Global trophic ecology of yellowfin, bigeye, and albacore tunas: Understanding predation on micronekton communities at ocean-basin scales - Archive ouverte HAL Access content directly
Journal Articles Deep-Sea Research Part II Year : 2017

Global trophic ecology of yellowfin, bigeye, and albacore tunas: Understanding predation on micronekton communities at ocean-basin scales

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Leanne M. Duffy
  • Function : Author
Petra M. Kuhnert
  • Function : Author
Heidi R. Pethybridge
  • Function : Author
Jock W. Young
  • Function : Author
Robert J. Olson
  • Function : Author
John M. Logan
  • Function : Author
Nicolas Goñi
  • Function : Author
Evgeny Romanov
  • Function : Author
Valerie Allain
  • Function : Author
Michelle D. Staudinger
  • Function : Author
Melanie Abecassis
  • Function : Author
C. Anela Choy
  • Function : Author
Alistair J. Hobday
  • Function : Author
Felipe Galván-Magaña
  • Function : Author

Abstract

Predator-prey interactions for three commercially valuable tuna species: yellowfin (Thunnus albacares), bigeye (T. obesus), and albacore (T. alalunga), collected over a 40-year period from the Pacific, Indian, and Atlantic Oceans, were used to quantitatively assess broad, macro-scale trophic patterns in pelagic ecosystems. Analysis of over 14,000 tuna stomachs, using a modified classification tree approach, revealed for the first time the global expanse of pelagic predatory fish diet and global patterns of micronekton diversity. Ommastrephid squids were consistently one of the top prey groups by weight across all tuna species and in most ocean bodies. Interspecific differences in prey were apparent, with epipelagic scombrid and mesopelagic paralepidid fishes globally important for yellowfin and bigeye tunas, respectively, while vertically-migrating euphausiid crustaceans were important for albacore tuna in the Atlantic and Pacific Oceans. Diet diversity showed global and regional patterns among tuna species. In the central and western Pacific Ocean, characterized by low productivity, a high diversity of micronekton prey was detected while low prey diversity was evident in highly productive coastal waters where upwelling occurs. Spatial patterns of diet diversity were most variable in yellowfin and bigeye tunas while a latitudinal diversity gradient was observed with lower diversity in temperate regions for albacore tuna. Sea-surface temperature was a reasonable predictor of the diets of yellowfin and bigeye tunas, whereas chlorophyll-a was the best environmental predictor of albacore diet. These results suggest that the ongoing expansion of warmer, less productive waters in the world's oceans may alter foraging opportunities for tunas due to regional changes in prey abundances and compositions.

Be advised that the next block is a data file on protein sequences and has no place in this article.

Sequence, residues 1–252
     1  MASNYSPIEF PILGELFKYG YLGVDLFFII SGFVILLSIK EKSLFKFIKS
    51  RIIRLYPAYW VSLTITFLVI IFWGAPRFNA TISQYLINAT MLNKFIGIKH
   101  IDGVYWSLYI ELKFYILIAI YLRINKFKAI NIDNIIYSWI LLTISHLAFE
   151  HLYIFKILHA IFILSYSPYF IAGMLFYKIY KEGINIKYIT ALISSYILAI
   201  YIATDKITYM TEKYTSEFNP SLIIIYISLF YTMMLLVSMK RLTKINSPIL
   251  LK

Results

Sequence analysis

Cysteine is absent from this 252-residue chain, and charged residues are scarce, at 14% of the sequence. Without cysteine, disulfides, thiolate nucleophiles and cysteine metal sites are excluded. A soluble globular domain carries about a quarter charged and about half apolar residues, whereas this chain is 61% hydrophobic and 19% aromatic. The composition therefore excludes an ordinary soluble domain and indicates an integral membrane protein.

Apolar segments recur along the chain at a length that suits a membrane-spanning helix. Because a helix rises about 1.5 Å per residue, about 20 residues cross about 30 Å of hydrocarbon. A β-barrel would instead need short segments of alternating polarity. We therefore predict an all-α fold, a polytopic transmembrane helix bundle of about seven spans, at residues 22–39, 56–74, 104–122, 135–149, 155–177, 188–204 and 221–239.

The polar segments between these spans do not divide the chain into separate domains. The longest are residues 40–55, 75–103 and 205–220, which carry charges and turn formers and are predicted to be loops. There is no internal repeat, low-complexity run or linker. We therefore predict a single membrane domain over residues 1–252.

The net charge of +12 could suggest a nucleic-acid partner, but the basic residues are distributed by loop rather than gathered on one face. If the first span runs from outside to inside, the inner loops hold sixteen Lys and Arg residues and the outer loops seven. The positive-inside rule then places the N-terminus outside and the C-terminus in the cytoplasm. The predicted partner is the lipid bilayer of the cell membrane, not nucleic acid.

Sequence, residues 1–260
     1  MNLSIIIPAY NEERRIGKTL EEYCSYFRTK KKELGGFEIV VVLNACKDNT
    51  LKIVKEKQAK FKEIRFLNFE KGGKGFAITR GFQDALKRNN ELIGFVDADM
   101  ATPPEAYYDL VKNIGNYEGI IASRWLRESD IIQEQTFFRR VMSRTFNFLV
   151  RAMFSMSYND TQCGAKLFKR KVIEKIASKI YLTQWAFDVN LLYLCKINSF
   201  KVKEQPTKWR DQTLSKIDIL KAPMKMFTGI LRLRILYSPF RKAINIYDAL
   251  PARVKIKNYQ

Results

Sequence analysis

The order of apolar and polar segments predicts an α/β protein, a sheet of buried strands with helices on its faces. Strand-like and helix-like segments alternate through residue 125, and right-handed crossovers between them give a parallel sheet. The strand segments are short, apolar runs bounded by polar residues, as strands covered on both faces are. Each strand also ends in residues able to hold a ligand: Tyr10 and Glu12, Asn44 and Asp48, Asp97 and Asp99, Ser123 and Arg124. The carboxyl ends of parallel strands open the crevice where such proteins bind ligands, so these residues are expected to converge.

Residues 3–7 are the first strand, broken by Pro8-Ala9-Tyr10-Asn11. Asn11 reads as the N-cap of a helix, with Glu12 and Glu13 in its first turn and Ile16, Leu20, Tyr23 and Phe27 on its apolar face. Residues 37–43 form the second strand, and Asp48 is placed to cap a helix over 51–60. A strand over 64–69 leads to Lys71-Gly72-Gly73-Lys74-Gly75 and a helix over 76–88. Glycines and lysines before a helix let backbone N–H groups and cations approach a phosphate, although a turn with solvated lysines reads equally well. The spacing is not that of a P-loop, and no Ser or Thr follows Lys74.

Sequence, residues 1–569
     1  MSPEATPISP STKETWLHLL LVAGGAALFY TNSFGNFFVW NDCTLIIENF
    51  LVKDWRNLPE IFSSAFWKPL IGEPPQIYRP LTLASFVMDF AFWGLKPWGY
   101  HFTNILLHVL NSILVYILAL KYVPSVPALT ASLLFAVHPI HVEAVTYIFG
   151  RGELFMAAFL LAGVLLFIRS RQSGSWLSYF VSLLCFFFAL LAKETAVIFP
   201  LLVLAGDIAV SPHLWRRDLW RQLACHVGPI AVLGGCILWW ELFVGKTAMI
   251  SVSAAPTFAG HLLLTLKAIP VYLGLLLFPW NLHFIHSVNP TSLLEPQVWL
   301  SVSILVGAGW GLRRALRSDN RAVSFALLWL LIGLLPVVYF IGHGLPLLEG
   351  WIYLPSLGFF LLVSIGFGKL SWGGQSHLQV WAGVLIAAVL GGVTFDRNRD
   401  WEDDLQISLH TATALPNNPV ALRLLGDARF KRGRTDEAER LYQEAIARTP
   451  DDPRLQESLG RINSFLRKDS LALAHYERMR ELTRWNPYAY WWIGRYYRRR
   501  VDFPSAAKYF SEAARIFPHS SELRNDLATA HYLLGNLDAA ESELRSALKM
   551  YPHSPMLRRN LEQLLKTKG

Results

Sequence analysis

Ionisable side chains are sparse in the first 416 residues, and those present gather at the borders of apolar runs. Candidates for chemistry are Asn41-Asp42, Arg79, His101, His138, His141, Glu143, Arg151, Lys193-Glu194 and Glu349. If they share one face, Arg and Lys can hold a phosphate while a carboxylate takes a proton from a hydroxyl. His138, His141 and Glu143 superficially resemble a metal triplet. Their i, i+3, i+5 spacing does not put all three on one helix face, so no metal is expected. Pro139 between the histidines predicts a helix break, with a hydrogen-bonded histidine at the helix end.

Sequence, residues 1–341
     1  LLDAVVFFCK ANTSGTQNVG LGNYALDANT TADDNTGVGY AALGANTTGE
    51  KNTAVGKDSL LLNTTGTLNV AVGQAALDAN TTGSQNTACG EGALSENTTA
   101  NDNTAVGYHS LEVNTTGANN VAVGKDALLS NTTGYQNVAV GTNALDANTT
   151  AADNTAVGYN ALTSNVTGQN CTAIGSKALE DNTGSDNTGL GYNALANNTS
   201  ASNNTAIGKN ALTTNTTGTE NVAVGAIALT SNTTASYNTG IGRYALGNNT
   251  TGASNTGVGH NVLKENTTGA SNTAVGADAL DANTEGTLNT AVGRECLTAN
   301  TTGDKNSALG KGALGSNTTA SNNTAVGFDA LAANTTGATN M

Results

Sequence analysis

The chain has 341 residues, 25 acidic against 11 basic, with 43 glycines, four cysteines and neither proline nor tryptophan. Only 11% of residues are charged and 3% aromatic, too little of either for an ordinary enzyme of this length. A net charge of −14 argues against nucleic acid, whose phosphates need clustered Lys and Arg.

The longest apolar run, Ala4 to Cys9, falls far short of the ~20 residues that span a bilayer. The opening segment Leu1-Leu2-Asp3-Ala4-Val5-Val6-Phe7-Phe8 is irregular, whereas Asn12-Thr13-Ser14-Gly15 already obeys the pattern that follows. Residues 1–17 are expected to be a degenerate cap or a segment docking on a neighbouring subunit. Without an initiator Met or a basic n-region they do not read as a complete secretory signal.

Dates and versions

insu-03668085 , version 1 (14-05-2022)

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Leanne M. Duffy, Petra M. Kuhnert, Heidi R. Pethybridge, Jock W. Young, Robert J. Olson, et al.. Global trophic ecology of yellowfin, bigeye, and albacore tunas: Understanding predation on micronekton communities at ocean-basin scales. Deep-Sea Research Part II, 2017, 140, pp.55-73. ⟨10.1016/j.dsr2.2017.03.003⟩. ⟨insu-03668085⟩
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